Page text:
The pros and cons of daylight saving time

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Would you like an extra hour of sleep?

What if it meant losing an hour 6 months later?

For many people around the world, this question isn’t hypothetical; it’s standard practice.

People in countries that participate in daylight saving time (DST) typically set their clocks forward an hour during the spring and summer, then reset them to the global standard in the fall and winter to get the most out of natural daylight hours.

What are the benefits of this practice—and do they outweigh the consequences of interfering with the body’s natural rhythms twice a year?

There are indeed some health benefits to “springing forward.” Longer evening daylight tends to encourage better physical health. A study found that children living in countries that practice DST were more physically active in the late afternoon and early evening during the spring and summer[1].

Despite these benefits and the good intentions behind DST, it’s a source of frequent complaints in countries that follow it. About half the countries that once used DST have since abolished it, and fewer than 40 percent of the world’s countries still use it today[2].

It turns out there are some legitimate reasons for complaint. That hour of sleep you lose at the beginning of DST may wreak more havoc than you think.

For instance, on the Monday immediately following the switch to DST, workers sustain more, and severer, workplace injuries compared with the rest of the year[3]. Because of the time shift, they sleep about 40 minutes less Sunday night; on Monday, they have about 6 percent more injuries, and lose about 68 percent more work days because of these injuries.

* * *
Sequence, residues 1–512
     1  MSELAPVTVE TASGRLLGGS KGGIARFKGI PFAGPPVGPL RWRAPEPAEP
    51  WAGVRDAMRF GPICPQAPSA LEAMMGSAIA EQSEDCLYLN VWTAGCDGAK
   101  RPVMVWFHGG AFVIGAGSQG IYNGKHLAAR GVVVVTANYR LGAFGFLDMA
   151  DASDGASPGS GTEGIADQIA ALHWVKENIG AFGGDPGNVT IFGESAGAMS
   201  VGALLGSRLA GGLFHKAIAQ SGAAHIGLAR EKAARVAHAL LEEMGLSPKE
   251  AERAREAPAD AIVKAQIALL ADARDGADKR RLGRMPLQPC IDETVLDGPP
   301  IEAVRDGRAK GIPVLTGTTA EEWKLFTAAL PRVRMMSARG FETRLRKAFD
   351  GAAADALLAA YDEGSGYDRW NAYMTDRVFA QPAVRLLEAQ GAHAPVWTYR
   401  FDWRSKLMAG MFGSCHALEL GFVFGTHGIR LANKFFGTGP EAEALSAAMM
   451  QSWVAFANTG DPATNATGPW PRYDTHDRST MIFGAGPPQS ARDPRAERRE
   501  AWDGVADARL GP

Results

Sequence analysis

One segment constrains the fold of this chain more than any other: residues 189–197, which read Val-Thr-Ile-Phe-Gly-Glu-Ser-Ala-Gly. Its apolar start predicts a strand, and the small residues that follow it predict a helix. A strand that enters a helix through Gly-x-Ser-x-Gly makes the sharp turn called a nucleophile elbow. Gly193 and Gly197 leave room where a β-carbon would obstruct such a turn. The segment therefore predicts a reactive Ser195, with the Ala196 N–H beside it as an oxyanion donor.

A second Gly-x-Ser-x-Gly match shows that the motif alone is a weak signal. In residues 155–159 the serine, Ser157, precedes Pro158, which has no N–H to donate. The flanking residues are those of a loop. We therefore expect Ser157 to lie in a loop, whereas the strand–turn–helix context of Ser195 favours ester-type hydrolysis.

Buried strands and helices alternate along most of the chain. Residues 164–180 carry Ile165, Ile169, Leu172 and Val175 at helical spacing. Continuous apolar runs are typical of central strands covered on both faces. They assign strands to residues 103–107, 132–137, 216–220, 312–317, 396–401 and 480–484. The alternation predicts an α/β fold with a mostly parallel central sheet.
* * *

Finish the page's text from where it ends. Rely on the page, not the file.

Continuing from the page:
Interestingly, when workers switch back to standard time in the fall, they tend not to get any more sleep than usual, and we see no decrease in injuries from being well-rested.

Likewise, switching clocks forward for DST also increases the number of cardiac arrests by 25 percent for that Monday[4]. This effect trails off over the rest of the week, as people adjust to their new sleep schedules. Keep in mind that even with a 25 percent increase in cardiac arrests, your chances of experiencing one on that Monday are still exceedingly low!

Perhaps most surprisingly, losing an hour of sleep has been shown to compromise the moral judgments of experienced professionals. When judges show up to court groggy on the Monday after the switch to DST, they give significantly harsher sentences—about 5 percent longer compared to other Mondays[5].

Whether you’re for or against DST, you are pretty much stuck with whatever decision your country has made around it.

If you live in a country that uses DST, try to make the most out of your extended sunlight hours by spending time outdoors during your spring and summer evenings.

But, more importantly, allow yourself some extra time to adjust to your new sleep schedule when you change the clocks forward in the spring. You can prep for DST by getting exposure to sunlight early in the morning, which will help you fall asleep earlier at night. Your body and the people around you will thank you for it!

?References

1. Goodman, A., Page, A.S., & Cooper, A.R. (2014). Daylight saving time as a potential public health intervention: An observational study of evening daylight and objectively-measured physical activity among 23,000 children from 9 countries. The International Journal of Behavioral Nutrition and Physical Activity, 11, 84.
2. Time and Date AS. (2017). Daylight Saving Time Statistics. Retrieved from http://www.timeanddate.com.
3. Barnes, C.M., & Wagner, D.T. (2009). Changing to daylight saving time cuts into sleep and increases workplace injuries. Journal of Applied Psychology, 94, 1305-1317.
4. Sandhu, A., Seth, M., & Gurm, H.S. (2014). Daylight savings time and myocardial infarction. Open Heart, 1, e000019.
5. Cho, K., Barnes, C.M., & Guanara, C.L. (2017). Sleepy punishers are harsh punishers: Daylight saving time and legal sentences. Psychological Science, 28, 242-247.